This is how I did history. There was no curriculum per se. I didn't use a spine the first time around other than Usborn's Encyclopedia of World History We just covered it chronologically. I made a list of books that I wanted to read that covered the time period. I try to make literature and history match, but that doesn't always work as some books can be read at an early age but that doesn't mean they should be. So, my son might be reading a book covering late 20th century when in history we are covering Early Middle Ages. That isn't a big deal, but I try to keep it to a minimum. We have taken a couple summers and chosen to do a World History Survey Course and also American History Survey. Usually we'll watch a video series by the Teaching Company and then pick books to read that go along with it. Your local library might carry a bunch of Teaching Company material, you should check it out. We've also used summers to cover things like the Civil War in depth. I usually left those kinds of decisions up to my kiddo. Except the survey courses. We did a World History Survey when my son was 8 and then again before we started the Omnibus. Then before each new term of the Omnibus we'll do a Teaching Company lecture series that covers the same period. That will usually take a month to complete.  I don't start testing or recording grades until 7th grade. As prior to that they are learning and learning to learn. And for all practical purposes it doesn't matter. We do everything to mastery regardless of how long it takes. So, on history I don't do quizzes or tests. We talk about what we are reading. I introduce ideas that we will encounter.later. You will know as a parent whether your child has mastered something if you are paying attention. The goal is to get them to talk about what they know and what they have gleaned. It is good to ask questions concerning the Great Ideas to get them to start thinking.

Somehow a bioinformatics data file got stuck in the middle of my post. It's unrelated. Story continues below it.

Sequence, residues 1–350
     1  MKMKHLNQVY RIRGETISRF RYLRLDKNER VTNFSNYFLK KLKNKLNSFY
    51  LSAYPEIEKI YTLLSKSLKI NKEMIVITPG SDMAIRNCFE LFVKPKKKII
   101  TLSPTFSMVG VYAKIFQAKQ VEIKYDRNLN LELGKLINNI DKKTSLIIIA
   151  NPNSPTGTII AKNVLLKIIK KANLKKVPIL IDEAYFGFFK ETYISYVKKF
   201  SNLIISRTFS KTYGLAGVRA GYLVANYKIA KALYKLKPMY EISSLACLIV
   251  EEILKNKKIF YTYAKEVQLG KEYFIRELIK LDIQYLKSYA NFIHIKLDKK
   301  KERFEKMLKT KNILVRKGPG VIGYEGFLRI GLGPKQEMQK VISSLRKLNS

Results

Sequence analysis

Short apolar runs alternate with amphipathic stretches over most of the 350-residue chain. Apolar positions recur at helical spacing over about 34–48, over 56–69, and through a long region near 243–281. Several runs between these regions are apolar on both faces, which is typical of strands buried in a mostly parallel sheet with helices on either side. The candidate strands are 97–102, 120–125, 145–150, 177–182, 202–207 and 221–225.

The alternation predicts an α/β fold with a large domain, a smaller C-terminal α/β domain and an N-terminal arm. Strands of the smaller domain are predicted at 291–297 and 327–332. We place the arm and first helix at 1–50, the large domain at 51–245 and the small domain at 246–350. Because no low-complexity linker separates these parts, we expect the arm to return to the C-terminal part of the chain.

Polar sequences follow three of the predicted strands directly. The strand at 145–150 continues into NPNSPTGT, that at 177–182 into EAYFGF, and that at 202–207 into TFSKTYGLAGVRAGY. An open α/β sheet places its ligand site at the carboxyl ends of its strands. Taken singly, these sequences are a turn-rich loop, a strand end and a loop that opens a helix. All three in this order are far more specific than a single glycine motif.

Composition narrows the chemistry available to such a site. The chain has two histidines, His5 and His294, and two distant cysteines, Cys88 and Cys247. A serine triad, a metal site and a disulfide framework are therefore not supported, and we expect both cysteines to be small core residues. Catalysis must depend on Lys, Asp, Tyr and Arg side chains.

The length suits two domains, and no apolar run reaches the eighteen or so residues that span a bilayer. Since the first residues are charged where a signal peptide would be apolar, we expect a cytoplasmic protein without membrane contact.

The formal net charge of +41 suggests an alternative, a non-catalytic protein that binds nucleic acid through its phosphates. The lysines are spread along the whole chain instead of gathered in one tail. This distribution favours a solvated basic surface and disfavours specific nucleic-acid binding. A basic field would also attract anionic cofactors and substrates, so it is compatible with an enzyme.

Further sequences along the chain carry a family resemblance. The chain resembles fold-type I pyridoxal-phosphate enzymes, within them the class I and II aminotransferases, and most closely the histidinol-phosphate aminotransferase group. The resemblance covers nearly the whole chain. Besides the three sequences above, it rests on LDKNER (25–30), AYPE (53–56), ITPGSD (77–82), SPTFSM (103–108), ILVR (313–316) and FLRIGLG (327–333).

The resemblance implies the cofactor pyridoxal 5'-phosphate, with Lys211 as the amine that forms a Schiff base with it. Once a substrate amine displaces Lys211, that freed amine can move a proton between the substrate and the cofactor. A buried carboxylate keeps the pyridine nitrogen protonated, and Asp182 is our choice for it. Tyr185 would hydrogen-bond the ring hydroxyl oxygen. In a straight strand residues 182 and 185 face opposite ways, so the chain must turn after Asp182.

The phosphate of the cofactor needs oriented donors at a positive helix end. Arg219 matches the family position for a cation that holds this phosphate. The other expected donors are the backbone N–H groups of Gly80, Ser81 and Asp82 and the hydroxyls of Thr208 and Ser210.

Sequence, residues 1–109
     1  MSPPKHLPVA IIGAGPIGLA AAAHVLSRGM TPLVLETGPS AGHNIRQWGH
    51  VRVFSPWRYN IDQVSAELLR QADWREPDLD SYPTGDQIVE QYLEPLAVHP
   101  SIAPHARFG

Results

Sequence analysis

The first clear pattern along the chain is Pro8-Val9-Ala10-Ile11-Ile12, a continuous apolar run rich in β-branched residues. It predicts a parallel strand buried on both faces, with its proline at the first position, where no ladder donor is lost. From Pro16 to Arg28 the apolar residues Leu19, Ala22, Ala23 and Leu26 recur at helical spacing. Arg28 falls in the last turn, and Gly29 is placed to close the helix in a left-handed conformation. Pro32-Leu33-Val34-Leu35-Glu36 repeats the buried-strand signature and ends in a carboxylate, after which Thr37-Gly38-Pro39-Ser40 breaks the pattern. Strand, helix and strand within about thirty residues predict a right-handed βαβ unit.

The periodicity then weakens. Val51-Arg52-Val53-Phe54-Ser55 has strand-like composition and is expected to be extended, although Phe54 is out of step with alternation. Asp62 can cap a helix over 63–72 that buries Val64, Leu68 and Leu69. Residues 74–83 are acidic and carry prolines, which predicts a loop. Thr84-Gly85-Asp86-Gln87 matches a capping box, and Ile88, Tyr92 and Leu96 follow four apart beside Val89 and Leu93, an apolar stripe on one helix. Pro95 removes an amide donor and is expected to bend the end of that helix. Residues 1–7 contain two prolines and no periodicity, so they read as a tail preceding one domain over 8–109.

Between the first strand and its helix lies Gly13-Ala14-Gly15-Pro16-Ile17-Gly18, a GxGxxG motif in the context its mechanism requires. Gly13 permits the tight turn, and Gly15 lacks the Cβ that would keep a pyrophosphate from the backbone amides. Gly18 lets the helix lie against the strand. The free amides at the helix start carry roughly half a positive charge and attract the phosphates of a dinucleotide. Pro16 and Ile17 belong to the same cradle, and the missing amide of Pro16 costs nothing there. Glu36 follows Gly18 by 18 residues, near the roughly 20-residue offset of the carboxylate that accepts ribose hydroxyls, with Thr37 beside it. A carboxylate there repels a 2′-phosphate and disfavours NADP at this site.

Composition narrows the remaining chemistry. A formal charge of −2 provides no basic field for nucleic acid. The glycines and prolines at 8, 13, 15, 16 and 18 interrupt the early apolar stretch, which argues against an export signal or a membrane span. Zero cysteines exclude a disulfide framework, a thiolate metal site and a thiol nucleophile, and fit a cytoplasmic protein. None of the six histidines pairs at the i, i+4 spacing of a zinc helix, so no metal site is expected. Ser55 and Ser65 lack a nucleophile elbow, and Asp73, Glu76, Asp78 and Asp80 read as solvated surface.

We used a timeline book. Much like what you see on the link I gave you with the historical figures. Only we drew ours and wrote stuff in. I used a 3 ring binder and cardstock. Pretty basic. My son likes to draw so he did his as he wanted. The historical figures can be used in a lot of ways. Note-booking or narration pages, adding them to a timeline. Bingo cards and other games can be made from them. Never forget flashcards.